July 13th, 2013

Bone-Cracklingly Good Fiction

Every week has been intense this year, but I’d been looking forward to reading “Bones of the Earth” by Scott Bury for a long time, having heard a lot of good things about it. Finally I found the time, and what a fine book it is! By the way, I noticed it’s on sale for 99 cents for your kindle on Amazon right now, so go and grab it today! Here’s my review:

“Bones” is one of those books that transport you to another place and time — I love that. I devoured “The Mammoth Hunters” by Jean Auel, and when I started reading “Bones of the Earth” by Scott Bury I suddenly, happily found myself back in a world long before modern times, when the tools were rudimentary, and people lived in a close and intense and often dangerous relationship to the Earth. Set in the 6th century C.E., “Bones” is the story of a young warrior, Javor, living in the Carpathian Mountains, round about where Ukraine, Romania and Hungary share borders.

Rather than sweeping generalities, the hard-scrabble existence of these people is described in exquisite detail, their huts, their food, their weapons, their superstitions. The book begins with a fertility ceremony in which the young (fertile) members of the tribe are brought together to get going on the mating process. But in this book, scenes of haunting beauty are quickly replaced by violent pillaging at the hands of brutal raiders.

Unheeding the pleas of the villagers, the raiders lash out and kill indiscriminately, and take two of the young women with them. Javor and his friend set out to try and rescue the women. Their triumphant return from this impossible mission hints at Javor’s magnificent potential, as well as the supernatural danger that lurks in the deep forest, and foreshadows some of the themes of the book.

Rather than take you through the many twists and turns of the plot of “Bones” I would like to simply tell you what is magical about this book. Javor is an immensely likeable hero, flawed, unique, strong, courageous. Photius the mystic, an older man, Javor’s mentor, is a fascinating character study and full of surprises himself.

Danisa, the young woman they rescue along their travels in dangerous, dragon-infested parts, provides a female foil to keep Javor in a perpetual state of longing and existential confusion. The dynamics between these three main characters are constantly shifting, and perfectly intertwined with developments in the plot. The characters are three-dimensional, and sparks fly in their dialogue.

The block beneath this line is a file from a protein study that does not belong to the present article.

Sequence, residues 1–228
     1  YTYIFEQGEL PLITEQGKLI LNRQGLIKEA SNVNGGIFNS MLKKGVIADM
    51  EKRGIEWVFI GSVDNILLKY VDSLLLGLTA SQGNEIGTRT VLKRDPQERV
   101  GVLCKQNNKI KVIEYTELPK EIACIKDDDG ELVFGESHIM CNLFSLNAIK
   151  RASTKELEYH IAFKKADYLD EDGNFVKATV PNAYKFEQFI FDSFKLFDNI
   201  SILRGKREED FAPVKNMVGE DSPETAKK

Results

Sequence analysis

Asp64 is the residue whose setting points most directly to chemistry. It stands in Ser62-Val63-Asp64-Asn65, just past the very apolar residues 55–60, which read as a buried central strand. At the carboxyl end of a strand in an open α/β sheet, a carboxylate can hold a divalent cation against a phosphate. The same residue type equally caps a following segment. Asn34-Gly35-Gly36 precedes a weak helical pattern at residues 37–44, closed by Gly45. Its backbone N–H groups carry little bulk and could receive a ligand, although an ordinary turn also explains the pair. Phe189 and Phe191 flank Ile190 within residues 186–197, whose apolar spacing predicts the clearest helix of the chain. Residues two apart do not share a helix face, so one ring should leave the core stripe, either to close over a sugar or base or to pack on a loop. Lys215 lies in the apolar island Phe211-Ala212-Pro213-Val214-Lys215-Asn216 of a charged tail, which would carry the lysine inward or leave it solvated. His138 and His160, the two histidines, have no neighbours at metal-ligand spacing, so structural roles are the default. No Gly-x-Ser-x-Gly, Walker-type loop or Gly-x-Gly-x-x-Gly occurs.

Another strength of the book lies in the monsters. The dragons play a key role on “Bones,” but these dragons were continually surprising me. Anyone who loved “Eragon” and the two sequels will revel in the discovery of the lesser known “Bones of the Earth,” which is a superior read. And there are other monsters, here, many other monsters … truly those were dangerous times Javor lived in.

All the way through the book, unexpected things kept happening, and by the conclusion of it I was so immersed in Javor’s world, I almost couldn’t stand for it to end. The perfect summer reading escape, whether for adults or teens, a richly drawn portrait of 6th century customs and traditions, a rip-roaring series of attacks and carnage and brutality, tasteful yet bone-cracking real, “Bones of the Earth” is a unique sensation. I urge the author to finish the sequel. This story MUST go on. I believe it was foretold …


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Bestselling Author Scott Bury

Scott Bury is a journalist, editor and writer living in Ottawa. His articles have been published in newspapers and magazines in Canada, the US, UK and Australia.

His first published fiction was “Sam, the Strawb Part,” a children’s adventure story. It can be purchased from Amazon.com. All royalties from sales of this story go to Children at Risk, an Ottawa-based charity that supports families of children with autism spectrum disorders.

The Bones of the Earth is his first novel to be published.

He has two sons, an orange cat and a loving wife who puts up with a lot. You can read more of Scott’s writing at scottswrittenwords.blogspot.com
and scottstravelblog.wordpress.com, and on his website, http://www.writtenwords.ca.

Follow him on Twitter @ScottTheWriter.


Frederick Lee Brooke launched the Annie Ogden Mystery Series in 2011 with Doing Max Vinyl and followed with Zombie Candy in 2012, a book that is neither about zombies nor sweets. The third mystery in the series, Collateral Damage, appeared in 2013. Saving Raine, the first book in Fred's entirely new series, The Drone Wars, appeared in December 2013, and was followed by its sequel, Inferno, in June 2014.

A resident of Switzerland, Fred has worked as a teacher, language school manager and school owner. He has three boys and two cats and recently had to learn how to operate both washing machine and dryer. He makes frequent trips back to his native Chicago.

When not writing or doing the washing, Fred can be found walking along the banks of the Rhine River, sitting in a local cafe, or visiting all the local pubs in search of his lost umbrella.

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3 thoughts on “Bone-Cracklingly Good Fiction

  1. Scott Bury

    Thanks for the very insightful review, Fred! It’s so gratifying to read a reviewer who gets the meaning and ideas behind the book.

    1. Fred Post author

      Your book really spoke to me, Scott. It was a pleasure to think about it for a while and write down my reflections. I’m guessing I’m not the only one who has a regular need to escape to another world, another place and time. Thanks for stopping by!

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